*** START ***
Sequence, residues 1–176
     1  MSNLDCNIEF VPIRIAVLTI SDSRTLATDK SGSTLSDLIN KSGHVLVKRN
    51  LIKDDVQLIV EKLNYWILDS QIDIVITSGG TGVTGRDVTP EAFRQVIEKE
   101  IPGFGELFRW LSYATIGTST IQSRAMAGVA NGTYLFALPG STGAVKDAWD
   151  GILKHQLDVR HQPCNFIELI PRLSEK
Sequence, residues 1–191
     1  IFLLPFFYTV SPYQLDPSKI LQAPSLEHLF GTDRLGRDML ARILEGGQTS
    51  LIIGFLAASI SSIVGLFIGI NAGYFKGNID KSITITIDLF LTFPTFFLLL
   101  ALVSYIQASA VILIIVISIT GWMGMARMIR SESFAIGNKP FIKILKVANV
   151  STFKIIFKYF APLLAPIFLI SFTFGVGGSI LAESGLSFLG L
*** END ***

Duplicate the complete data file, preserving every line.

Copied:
Sequence, residues 1–176
     1  MSNLDCNIEF VPIRIAVLTI SDSRTLATDK SGSTLSDLIN KSGHVLVKRN
    51  LIKDDVQLIV EKLNYWILDS QIDIVITSGG TGVTGRDVTP EAFRQVIEKE
   101  IPGFGELFRW LSYATIGTST IQSRAMAGVA NGTYLFALPG STGAVKDAWD
   151  GILKHQLDVR HQPCNFIELI PRLSEK
Sequence, residues 1–191
     1  IFLLPFFYTV SPYQLDPSKI LQAPSLEHLF GTDRLGRDML ARILEGGQTS
    51  LIIGFLAASI SSIVGLFIGI NAGYFKGNID KSITITIDLF LTFPTFFLLL
   101  ALVSYIQASA VILIIVISIT GWMGMARMIR SESFAIGNKP FIKILKVANV
   151  STFKIIFKYF APLLAPIFLI SFTFGVGGSI LAESGLSFLG L